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3D Printing Slashes Unilever Bottle Design Costs

The CPG giant finds itself at the intersection of blowmolding and 3D printing and is relishing the returns.

Kate Bertrand Connolly 1, Freelance Writer

March 25, 2024

3 Min Read

At a Glance

  • New approach to bottle prototyping slashes time and costs
  • Benefits include up to 90% reduction in tooling expenses
  • Sample bottles are essentially identical to production bottles

Unilever and plastic-packaging manufacturer Serioplast Global Services are transforming stretch blowmolded bottle prototyping using 3D printing technology from Formlabs. The result is much faster, less expensive mold making and prototype production and testing.

Working together in Italy, Unilever and Serioplast used 3D printing to rapidly create molds and produce pre-production sample bottles made of PET. The molds were built using Formlabs’ Rigid 10K Resin and Form 3L large-format, stereolithography (SLA) 3D printer.

The SLA 3D printing process enabled Serioplast to build resin molds in two days, a significant time savings vs. traditional machined metal molds (typically outsourced to a vendor), which take four to eight weeks to produce.

The printed molds also reduced lead time for pilot testing of blow-molded PET bottles. Lead time to produce 200 bottle samples using the printed molds was only two weeks, vs. the six to eight weeks required with conventional molds.

Printing the molds reduced tooling cost by up to 90% vs. metal molds. Specifically, the printed molds cost $500 to $1,000 to make vs. $2,500 to $10,000 for machined metal molds.


Resin handles the pressure.

To create the plastic molds, the team needed a resin that could endure the temperature and internal pressure of stretch blow molding and deliver dimensional accuracy and stability in the finished tooling. Formlabs’ Rigid 10K Resin provided the required strength, stiffness, and thermal resistance.

Formlabs describes the resin as an industrial-grade, highly glass-filled material with a tensile modulus of 10,000 MPa. Molds printed from the resin exhibit good dimensional stability and tolerate hundreds of blow-molding cycles, with repeatability.

To produce bottles with the printed molds, Serioplast used the same blow-molding process window as for a metal pilot mold.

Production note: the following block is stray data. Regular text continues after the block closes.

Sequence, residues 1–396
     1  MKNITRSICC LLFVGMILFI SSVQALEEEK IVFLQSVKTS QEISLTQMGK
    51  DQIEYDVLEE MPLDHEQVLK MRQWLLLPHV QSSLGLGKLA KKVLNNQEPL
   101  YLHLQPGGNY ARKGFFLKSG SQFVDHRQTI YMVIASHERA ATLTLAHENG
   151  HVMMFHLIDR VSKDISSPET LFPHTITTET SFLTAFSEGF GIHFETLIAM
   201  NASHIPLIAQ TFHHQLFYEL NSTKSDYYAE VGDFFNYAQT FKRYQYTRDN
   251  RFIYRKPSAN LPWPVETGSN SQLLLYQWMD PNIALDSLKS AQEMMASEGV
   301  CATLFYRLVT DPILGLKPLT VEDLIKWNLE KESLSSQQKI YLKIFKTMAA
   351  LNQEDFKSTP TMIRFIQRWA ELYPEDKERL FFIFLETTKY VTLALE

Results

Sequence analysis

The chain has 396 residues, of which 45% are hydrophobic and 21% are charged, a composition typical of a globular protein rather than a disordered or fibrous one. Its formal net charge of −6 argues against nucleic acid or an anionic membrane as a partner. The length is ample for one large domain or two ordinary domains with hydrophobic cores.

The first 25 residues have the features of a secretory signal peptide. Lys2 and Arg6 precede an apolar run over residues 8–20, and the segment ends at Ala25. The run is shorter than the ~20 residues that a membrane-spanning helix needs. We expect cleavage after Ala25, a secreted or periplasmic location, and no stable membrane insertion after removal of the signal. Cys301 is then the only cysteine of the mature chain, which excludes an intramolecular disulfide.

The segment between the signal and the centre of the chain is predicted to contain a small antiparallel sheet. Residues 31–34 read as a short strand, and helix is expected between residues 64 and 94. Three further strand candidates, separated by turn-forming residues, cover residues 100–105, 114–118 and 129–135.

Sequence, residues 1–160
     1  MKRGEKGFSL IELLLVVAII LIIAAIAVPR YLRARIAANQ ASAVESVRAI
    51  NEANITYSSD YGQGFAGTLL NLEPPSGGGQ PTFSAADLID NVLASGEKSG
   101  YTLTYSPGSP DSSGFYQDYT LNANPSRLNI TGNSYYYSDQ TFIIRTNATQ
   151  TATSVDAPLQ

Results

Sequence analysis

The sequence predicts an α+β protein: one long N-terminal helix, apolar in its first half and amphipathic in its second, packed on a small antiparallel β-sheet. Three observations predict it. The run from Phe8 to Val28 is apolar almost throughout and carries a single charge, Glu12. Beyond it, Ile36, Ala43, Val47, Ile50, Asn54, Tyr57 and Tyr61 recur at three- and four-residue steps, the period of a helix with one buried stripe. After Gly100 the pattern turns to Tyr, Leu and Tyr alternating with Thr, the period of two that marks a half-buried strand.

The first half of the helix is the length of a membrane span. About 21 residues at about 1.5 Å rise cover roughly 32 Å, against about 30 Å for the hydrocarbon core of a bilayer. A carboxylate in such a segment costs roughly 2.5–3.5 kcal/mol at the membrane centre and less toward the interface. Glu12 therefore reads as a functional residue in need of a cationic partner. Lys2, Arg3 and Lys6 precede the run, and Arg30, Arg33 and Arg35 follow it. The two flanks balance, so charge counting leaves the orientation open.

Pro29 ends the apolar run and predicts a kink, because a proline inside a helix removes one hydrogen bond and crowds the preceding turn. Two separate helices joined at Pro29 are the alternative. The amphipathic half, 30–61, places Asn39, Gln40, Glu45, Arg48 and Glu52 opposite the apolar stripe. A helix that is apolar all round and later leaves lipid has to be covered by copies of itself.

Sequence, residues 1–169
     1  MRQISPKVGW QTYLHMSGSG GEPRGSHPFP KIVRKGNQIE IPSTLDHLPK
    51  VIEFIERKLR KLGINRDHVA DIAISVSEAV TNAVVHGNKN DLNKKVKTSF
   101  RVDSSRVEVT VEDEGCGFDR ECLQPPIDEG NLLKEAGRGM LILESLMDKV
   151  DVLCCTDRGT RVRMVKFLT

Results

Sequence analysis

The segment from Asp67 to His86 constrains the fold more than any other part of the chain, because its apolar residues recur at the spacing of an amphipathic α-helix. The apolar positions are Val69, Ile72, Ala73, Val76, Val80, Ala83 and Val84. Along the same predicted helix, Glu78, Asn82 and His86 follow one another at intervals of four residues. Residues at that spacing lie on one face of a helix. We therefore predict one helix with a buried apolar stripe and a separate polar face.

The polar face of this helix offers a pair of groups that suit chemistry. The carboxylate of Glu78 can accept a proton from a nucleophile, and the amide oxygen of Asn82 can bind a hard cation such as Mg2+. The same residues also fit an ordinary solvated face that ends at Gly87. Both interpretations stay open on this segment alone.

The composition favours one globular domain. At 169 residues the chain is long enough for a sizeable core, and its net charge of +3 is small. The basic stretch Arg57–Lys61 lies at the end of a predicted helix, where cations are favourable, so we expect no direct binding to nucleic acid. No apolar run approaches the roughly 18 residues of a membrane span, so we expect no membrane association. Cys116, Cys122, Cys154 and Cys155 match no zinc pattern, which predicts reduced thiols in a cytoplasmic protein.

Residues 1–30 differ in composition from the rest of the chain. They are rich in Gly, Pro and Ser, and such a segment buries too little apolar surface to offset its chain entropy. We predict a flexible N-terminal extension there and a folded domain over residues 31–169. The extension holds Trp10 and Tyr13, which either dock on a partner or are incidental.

“We are talking about up to 30-bar pressure. It’s absolutely good and reliable on that. We are also talking about 100 °C heating for the [bottle] preform without any wearing on the cavity of the 3D printer mold,” says Flavio Migliarelli, R&D design manager at Serioplast, in a Formlabs video interview.

The sample bottles made using the printed molds were nearly identical to production-quality bottles.

“The Formlabs machine plus the [Rigid] 10K Resin together offer the real possibility to have very good details on the bottles, [including logos or something] like a lemon detail, which requires a lot of precision,” says Stefano Cademartiri, CAD and prototyping owner at Unilever.

Produced using the same resin and on the same blow-molding equipment as production bottles, the samples were ideal for pilot testing.

Bottles pass line and consumer testing protocols.

So far, Unilever and Serioplast have tested about 15 bottle designs produced with the molds. Serioplast first created a standard mold design and print preparation and then modified the mold cavity for each unique bottle design.

The ability to rapidly iterate bottle designs and molds speed pilot evaluations by enabling testing of multiple designs at the same time.

The pilot included not only consumer testing but also primary validation of the bottle designs on Unilever’s filling line. This included bottle movement and how the containers functioned during filling, capping, and robotic case packing.

Additionally, Serioplast uses the printed molds to validate the stretch blow-molding process for the bottle designs. The company also performed dimensional analysis on the bottles and conducted performance evaluations, including bulge, cupping, and drop testing.

Through the art and science of 3D printing, “Something is on your screen, [and] in a short time is in your hands,” Cademartiri explains. “A real product with a real bottle, with a real cap, and the real label.”

About the Author(s)

Kate Bertrand Connolly 1

Freelance Writer

Kate Bertrand Connolly has been covering innovations, trends, and technologies in packaging, branding, and business since 1981.

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